WikiJournal Preprints/CARD-CC family
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Jens Staal. "CARD-CC family". WikiJournal Preprints. Wikidata Q116768204.
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Jens Staal. "CARD-CC family". WikiJournal Preprints. Wikidata Q116768204.
Evolution and species distributionEdit
The protein family is ancient and can be found as far back as Cnidaria, but has almost exclusively been studied in humans and mice. Notably, the protein family is absent in insects and nematodes, which makes it impossible to study its function in the most popular invertebrate model organisms (Drosophila and C. elegans). Invertebrates only have a CARD9-like ancestral CARD-CC member, and the earliest occurrence of a CARD-CC member with the CARMA domain composition is in the jawless vertebrate hagfish. Already in sharks are all four CARD-CC family members present, indicating that the 3 distinct CARMA CARD-CC family members were formed by two duplication events just before or very early in the jawed vertebrate evolution. The four CARD-CC members in mice and humans differ in expression domains, where CARD9 is mostly expressed in myelocytes, CARD11 in lymphocytes, while CARD10 and CARD14 are mostly expressed in non-hemapoetic cells. This gene expression differentiation between the four CARD-CC family members conserved at least as far back as frogs (Xenopus tropicalis) and fish (Danio rerio), indicating that the four CARD-CC family members have had distinct functions since early jawed vertebrate evolution.
A common theme for all four CARD-CC family proteins in mice and humans is that they are activated by different protein kinase C isoforms, and recruit BCL10 and the paracaspase MALT1 upon activation, forming a so-called CBM complex. There are four different CBM complexes, defined by which CARD-CC family member that is responsible for its assembly: CBM-9 (CARD9), CBM-1 (CARD11/CARMA1), CBM-2 (CARD14/CARMA2) and CBM-3 (CARD10/CARMA3).  CBM complex assembly results in recruitment of TRAF6 to MALT1 and downstream activation of NF-κB transcriptional activity and expression of pro-inflammatory cytokines. The different CARD-CC family members show different expression pattern and gain- or loss of function mutation in the different CARD-CC family proteins cause different phenotypes.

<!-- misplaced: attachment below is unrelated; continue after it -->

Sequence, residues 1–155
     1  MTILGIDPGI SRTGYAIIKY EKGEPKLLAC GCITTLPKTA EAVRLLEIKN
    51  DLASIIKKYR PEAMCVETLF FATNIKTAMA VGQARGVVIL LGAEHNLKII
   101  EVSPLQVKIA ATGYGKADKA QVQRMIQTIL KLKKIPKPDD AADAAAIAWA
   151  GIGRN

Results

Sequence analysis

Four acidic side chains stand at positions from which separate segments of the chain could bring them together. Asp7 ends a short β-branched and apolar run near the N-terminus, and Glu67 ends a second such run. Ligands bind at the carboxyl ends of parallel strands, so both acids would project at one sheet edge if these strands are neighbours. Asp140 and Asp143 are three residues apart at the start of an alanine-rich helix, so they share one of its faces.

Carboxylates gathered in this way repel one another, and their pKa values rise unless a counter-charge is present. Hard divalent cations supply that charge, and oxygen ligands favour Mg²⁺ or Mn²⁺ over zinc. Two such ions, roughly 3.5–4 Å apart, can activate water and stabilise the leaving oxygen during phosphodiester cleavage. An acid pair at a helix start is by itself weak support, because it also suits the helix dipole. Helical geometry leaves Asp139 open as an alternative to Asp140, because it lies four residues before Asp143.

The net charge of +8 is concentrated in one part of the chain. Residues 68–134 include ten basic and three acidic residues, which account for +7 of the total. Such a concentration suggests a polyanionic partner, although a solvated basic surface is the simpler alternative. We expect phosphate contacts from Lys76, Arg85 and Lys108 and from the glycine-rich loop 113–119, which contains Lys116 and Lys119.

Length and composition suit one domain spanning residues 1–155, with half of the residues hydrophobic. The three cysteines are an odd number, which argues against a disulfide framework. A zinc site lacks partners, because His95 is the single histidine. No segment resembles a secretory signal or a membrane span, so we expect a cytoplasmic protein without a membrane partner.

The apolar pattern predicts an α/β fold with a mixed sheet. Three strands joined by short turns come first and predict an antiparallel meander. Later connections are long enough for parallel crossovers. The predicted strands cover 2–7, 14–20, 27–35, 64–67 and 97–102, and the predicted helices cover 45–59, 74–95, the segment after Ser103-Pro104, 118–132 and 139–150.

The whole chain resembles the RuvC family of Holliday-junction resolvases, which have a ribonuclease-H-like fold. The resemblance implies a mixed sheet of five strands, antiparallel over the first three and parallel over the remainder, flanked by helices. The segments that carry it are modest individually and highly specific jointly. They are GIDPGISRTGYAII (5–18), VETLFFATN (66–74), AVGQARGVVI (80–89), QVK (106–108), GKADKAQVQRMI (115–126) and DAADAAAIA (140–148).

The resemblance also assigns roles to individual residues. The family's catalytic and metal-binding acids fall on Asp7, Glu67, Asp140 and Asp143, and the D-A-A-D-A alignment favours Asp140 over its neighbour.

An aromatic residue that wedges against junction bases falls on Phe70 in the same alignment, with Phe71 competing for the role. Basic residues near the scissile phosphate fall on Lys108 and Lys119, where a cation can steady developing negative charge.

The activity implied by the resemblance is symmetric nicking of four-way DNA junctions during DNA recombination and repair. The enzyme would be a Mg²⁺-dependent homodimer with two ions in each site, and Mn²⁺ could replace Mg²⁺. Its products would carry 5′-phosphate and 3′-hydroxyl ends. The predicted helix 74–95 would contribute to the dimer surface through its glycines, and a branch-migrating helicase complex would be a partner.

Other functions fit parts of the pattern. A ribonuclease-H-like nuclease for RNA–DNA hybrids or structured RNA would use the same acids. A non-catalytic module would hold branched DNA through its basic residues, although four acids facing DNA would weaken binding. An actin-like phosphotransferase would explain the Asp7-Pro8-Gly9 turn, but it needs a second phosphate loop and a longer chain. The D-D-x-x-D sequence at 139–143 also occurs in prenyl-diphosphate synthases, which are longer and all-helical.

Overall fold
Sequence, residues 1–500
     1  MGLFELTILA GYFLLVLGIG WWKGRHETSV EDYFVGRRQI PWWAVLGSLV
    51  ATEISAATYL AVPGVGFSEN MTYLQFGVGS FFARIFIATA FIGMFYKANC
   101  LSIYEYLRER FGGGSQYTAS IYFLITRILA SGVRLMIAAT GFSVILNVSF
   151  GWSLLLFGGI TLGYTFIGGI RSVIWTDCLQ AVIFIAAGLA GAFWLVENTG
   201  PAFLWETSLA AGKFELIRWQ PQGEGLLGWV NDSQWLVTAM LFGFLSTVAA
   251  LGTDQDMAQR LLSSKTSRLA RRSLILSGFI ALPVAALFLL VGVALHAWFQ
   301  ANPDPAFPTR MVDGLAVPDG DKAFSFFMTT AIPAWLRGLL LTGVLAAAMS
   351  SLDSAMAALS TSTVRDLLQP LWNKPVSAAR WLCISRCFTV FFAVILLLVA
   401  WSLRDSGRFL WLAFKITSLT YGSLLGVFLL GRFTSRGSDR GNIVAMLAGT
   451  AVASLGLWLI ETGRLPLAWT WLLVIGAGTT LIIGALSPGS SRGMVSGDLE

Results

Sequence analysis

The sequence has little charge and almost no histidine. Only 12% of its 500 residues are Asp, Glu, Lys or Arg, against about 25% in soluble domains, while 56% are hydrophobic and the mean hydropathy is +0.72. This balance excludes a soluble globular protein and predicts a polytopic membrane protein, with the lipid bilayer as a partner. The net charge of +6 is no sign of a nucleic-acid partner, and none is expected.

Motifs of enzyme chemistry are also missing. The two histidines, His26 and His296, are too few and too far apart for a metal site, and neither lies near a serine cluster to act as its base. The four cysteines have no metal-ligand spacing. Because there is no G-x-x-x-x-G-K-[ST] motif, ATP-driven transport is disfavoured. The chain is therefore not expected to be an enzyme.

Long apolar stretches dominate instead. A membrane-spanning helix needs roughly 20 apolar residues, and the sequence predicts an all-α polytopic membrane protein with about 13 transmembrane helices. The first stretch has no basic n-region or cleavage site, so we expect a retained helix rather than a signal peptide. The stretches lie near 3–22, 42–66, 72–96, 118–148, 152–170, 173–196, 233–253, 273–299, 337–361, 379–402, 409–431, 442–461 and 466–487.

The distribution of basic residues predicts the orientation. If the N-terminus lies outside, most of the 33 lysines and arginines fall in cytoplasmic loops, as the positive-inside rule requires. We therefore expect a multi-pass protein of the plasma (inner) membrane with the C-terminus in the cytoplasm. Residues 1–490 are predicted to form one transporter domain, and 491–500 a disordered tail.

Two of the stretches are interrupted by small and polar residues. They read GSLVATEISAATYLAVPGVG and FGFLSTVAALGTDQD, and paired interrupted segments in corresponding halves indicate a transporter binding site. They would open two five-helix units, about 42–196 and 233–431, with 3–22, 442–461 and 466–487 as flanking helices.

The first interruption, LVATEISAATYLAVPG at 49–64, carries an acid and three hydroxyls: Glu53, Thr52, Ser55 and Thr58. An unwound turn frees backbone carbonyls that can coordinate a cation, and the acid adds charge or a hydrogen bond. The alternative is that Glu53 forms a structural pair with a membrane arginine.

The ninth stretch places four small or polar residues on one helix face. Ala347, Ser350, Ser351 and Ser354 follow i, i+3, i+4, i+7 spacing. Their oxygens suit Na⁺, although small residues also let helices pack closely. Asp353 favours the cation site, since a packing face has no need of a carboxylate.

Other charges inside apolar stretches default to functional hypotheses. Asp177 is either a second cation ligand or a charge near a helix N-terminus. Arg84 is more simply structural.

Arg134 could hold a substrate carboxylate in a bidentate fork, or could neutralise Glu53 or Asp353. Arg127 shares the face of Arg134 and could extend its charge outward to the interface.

- Loss-of-function mutations in CARD9 disrupts lectin receptor signaling like Dectin 1, which causes enhanced susceptibility to fungal infections. 
- Strong loss-of-function mutations in CARD11 cause severe defects in lymphocyte function since it is a critical downstream signal mediator in T- and B-cell antigen receptor signaling, which results in severe combined immunodeficiency (SCID).
- Weak (hypomorphic) mutations in CARD11 causes atopic dermatitis disease.
- Gain-of-function mutations in CARD11 can result in B-cell lymphoma.
- Gain-of-function mutations in CARD14 results in psoriasis or PRP. 
- There are indications that loss-of-function mutations in CARD14 could result in atopic dermatitis due to disrupted immune responses against skin microbes.
- There are no obvious gain- or loss-of-function mutations in CARD10, but it is sometimes over-expressed in certain cancer variants, and there is a SNP in CARD10 associated to glaucoma.
- ↑ "Ancient Origin of the CARD-Coiled Coil/Bcl10/MALT1-Like Paracaspase Signaling Complex Indicates Unknown Critical Functions". Frontiers in Immunology 9: 1136. 2018. doi:10.3389/fimmu.2018.01136. PMID 29881386. PMC 5978004. //www.ncbi.nlm.nih.gov/pmc/articles/PMC5978004/.